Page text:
Weekly Digest #113
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In this digest-
1. Article- Science made easy:
The simple guide to nuclear fusion
2. Happiness Quotient From Around The World
3. Did You Know?
4. Entertainment Quotient
Science made easy:
The simple guide to nuclear fusion
By: Abhimanyu Rao
A few months ago, there was a massive development in the world’s energy crisis. For the first time since the 1920s, which is when the concept had first been theorised, scientists were able to effectively produce energy using nuclear fusion. What this meant was, that they managed to produce more energy from the fusion reaction than the energy they put in for the reaction to take place! This was a major milestone in the research of fusion reactions for several reasons, all of which I shall go over through the course of this article, but before all of that, we need to answer a very basic question, “What exactly is nuclear fusion?”
Nuclear fusion is the process where the nuclei of two light atoms are merged to form a heavier nucleus of a different element. The mass of this new nucleus is less than the combined mass of the two light nuclei! It’s a little confusing, right? Well, don’t you worry, I have a great example that will clear this up in no time. Have you ever heard of bulk discounts? They are price cuts you get for buying a large quantity of something. So, if you were to buy 1000 TVs that cost 10 rupees each, you would think you had to pay 10,000 rupees. However, in most cases you would get a bulk discount, and might only have to pay 9500 rupees! That means that you would have 500 rupees left over.
In the atom scenario, the combined mass of the light nuclei is the 10,000 rupees you have. However, when they combine, it turns out that their mass isn’t actually equal to those 10,000 rupees, but actually just equal to 9,500 rupees! This means that there is an extra 500 rupees of mass that remains. That clears it up, right?
“Extra mass is okay, Abhimanyu, but why do I care? I want ENERGY, not mass!”, is what you’re probably thinking. Very valid point, but remember, all shall be revealed… First, let’s take a little detour to what is arguably the world’s most famous equation, E=mc2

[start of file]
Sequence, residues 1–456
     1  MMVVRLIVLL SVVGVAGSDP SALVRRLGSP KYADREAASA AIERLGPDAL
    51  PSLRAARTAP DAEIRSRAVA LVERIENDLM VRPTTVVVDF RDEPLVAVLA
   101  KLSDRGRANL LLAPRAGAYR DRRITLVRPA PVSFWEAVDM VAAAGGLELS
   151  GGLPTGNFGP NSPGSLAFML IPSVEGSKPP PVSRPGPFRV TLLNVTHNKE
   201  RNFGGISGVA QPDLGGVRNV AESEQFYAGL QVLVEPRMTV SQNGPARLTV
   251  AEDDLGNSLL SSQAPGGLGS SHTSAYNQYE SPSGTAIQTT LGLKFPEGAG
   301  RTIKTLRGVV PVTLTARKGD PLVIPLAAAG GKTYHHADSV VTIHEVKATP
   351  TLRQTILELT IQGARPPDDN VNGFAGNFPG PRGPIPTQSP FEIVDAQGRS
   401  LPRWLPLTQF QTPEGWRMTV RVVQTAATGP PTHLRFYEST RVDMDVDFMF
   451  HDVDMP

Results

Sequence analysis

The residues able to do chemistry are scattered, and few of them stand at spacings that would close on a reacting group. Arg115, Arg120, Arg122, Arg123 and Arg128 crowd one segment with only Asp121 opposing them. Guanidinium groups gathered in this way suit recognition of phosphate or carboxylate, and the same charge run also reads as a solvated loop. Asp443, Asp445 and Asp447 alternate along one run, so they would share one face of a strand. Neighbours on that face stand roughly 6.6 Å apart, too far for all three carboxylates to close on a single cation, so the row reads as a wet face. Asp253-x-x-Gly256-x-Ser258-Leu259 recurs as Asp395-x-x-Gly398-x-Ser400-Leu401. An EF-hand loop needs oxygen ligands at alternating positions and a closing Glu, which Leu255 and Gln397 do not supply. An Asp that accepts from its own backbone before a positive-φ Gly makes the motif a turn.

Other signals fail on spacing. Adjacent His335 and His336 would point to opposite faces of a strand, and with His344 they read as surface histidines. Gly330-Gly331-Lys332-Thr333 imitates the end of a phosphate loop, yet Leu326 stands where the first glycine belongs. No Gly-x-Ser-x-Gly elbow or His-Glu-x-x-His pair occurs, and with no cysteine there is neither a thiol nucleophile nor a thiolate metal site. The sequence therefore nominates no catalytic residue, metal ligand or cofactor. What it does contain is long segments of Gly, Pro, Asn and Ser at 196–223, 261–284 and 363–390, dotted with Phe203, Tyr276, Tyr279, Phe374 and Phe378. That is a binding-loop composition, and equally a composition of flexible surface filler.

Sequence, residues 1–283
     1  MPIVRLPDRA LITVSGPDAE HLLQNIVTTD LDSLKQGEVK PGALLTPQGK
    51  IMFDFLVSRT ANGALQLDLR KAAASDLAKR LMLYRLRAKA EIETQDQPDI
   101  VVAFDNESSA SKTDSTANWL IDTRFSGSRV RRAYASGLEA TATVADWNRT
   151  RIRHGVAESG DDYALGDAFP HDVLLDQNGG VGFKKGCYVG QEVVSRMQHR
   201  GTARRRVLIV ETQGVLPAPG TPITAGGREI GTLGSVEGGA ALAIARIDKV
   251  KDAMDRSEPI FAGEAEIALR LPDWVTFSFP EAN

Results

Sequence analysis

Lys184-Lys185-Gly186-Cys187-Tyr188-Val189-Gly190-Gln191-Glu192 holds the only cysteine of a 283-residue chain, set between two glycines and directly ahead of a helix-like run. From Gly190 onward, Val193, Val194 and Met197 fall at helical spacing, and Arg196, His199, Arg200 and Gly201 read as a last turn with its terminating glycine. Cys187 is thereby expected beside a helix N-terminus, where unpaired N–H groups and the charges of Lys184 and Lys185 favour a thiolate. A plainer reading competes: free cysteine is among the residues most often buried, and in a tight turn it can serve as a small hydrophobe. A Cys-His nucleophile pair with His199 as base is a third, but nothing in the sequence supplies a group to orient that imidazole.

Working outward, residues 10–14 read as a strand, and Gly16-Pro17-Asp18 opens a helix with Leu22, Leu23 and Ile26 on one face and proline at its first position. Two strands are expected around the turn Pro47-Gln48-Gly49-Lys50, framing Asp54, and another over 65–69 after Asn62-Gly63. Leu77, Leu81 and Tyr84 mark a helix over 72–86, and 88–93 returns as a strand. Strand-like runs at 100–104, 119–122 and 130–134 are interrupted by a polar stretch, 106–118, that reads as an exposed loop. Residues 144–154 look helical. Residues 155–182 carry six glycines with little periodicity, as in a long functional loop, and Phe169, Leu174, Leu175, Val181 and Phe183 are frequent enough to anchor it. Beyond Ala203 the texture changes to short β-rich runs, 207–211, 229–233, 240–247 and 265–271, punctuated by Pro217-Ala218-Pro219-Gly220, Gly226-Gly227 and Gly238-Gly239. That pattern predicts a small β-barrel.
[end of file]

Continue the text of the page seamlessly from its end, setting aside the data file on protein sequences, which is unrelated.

This equation is a part of Albert Einstein's famous Theory of Special Relativity. E stands for Energy, m stands for mass, and c is the speed of light in a vacuum, which is a constant. All you need to know about this equation is that it tells you that energy and mass are permanently linked to each other, and that an object’s mass can turn into energy, and energy can turn into mass. Cool, right?
By now I think you’ve probably figured out where this is going. Remember the extra “500 rupees” mass that was left after the light nuclei combined? That mass turns into energy, which makes the process of smashing two atoms together produce energy! So don’t let anyone ever tell you not to bash things against each other. Instead, explain nuclear fusion to them, and they won’t be able to stop you!
So you’ve figured out what nuclear fusion is. Now what? How does that relate to what these scientists did? Well, in order for us humans to create a controlled fusion reaction, they have to use several high powered lasers, each of which require immense amounts of energy. For the first time in history, scientists were able to produce more energy from the reaction than the energy of the lasers. However, the rest of the energy used in the process means that this process is still not energy efficient. This means that it still, in the grand scheme of things, does not produce more energy than it consumes.
Despite this, the achievements of these scientists from the Lawrence Livermore National Laboratory in the United States have proven that someday, this reaction could help save the planet’s rapidly depleting energy sources!
Before I end this article, I want to answer one final question, ‘Why Nuclear Fusion?’. There are three main reasons for this. Firstly, Nuclear reactions produce MASSIVE amounts of energy from relatively small reactions. This is already a necessity in our heavily energy guzzling lives. Secondly, nuclear reactions produce no carbon, and the only possible by-product is usually helium, a gas that is harmless to the atmosphere in the quantities it is produced in. Lastly, unlike nuclear fission, which involves breaking down nuclei into smaller particles, nuclear fusion reactors can’t have a meltdown, and also produce far less radioactive waste.
In conclusion, while we are still years away from an immaculate nuclear fusion based energy system, this is a step in a good direction. These scientists have shown us the importance of appreciating even the smallest of successes, which is a great way to live life!
By: Agastya Rao
By: Mihir Rao
Ant Man and The Wasp: Quantumania
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